Agency: Foote, Cone & Belding, San Francisco
Rating: 1-1/2 stars (out of 4)
In a last-ditch effort to avoid a review on the Mazda account, Foote, Cone & Belding--in the client's words--"brought all of the resources of the agency to bear" on developing a new brand-image campaign.
You can say that again. All of the agency's resources. All of the good ideas, all of the bad ideas, all of the in-between ideas, all of the gimmicks, all of the cliches--all crammed into one furiously paced 30-second spot for the Mazda 626.
The campaign is titled "Passion for the Road." But it doesn't suggest much in the way of passion. What is suggests is desperation, the frantic pressing of every imaginable imagery hot button to ignite the senses of car buyers and, more to the point, Mazda dealers.
What does "Passion for the Road" have? Hey, what doesn't it have?
It's got an overheated voice-over listing copy points in almost lewd tones: "160 horses. V-6 power. 626. Priced like a 4-cylinder Camry. 626. Smooth, smooth, smooth in everything it does--Car & Driver. 626."
Smooth, smooth, smooth? Is this for Mazda or Black Velvet? Or Norelco?
Meantime, intercut with the voice-over is a throaty Annie Lennox sound-alike belting, not to say bleating, "Pash shin for the ro-o-o-ad!" The jingle and the copy run right up against one another, creating either a sense of excitement, or of--in the manner of the toy commercials this spot in many ways resembles--exaggerated play value.
The latter is achieved partly with elaborate matte-ing effects, superimposing the moving car against an outsize instrument panel, and partly with the action sequence.
Oh, yes, there's an action sequence: James Bond pyrotechnics in a daring causeway escape past roadside explosive charges, bursting like napalm bombs not to destroy the car but to show off its sleek silhouette. This is not to mention the Tesla coil arcs of electricity, which apparently jump from the gear shifter when you jam it into fourth.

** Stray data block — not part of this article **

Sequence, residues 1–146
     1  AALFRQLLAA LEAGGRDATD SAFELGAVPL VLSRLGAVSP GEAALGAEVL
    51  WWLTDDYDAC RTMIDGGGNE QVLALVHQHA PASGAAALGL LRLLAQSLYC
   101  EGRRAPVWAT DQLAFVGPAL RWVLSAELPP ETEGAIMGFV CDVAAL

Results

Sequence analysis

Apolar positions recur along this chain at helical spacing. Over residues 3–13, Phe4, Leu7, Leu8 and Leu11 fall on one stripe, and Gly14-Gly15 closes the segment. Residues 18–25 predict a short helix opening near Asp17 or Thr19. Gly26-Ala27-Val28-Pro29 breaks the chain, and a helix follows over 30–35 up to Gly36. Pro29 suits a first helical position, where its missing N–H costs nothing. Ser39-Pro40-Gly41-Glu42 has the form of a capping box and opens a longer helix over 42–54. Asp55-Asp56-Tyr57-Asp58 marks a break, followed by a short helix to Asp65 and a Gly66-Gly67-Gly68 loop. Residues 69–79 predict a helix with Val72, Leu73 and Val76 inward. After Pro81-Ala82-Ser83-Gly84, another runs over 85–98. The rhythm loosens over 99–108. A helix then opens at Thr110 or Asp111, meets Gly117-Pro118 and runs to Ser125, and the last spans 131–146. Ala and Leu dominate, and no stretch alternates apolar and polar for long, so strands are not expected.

But that's not meant to be taken literally, for in addition to the copy points and the high-rev pacing and the rock music and the fireworks, there is also the surrealistic and suggestive imagery, a la Ridley Scott for Chanel No. 5.
Call it "Steal the fantasy" as we see Egyptian pyramids, rupturing chain links and a square-chinned man dressed for cocktails in the middle of the Bonneville Salt Flats, reflected in the window of a streaking 626. Such elusive meaning. So, if you're keeping score, now you may check off "mystique."
But wait, there's more!
What would a full-service car commercial be, after all, without some sex appeal? Fortunately, the Santa Ana, Calif., agency folks have brought all of their resources to bear, including major babe-osity. The 626 ad, it turns out, comes equipped with dual airheads (one a Marilyn clone with lips parted seductively and the other a darkhaired, feral vamp with yellow cat's eyes) who look like they have passion for something besides the road.
According to our tabulation, Mazda has left absolutely nothing out--except the brand image they were prepared to fire the agency in search of. Oh, for sure, this commercial has all the elements of car advertising.
It just doesn't feel right.
You can e-mail Bob Garfield at EFPB35A@prodigy.com.
Copyright October 1995 Crain Communications Inc.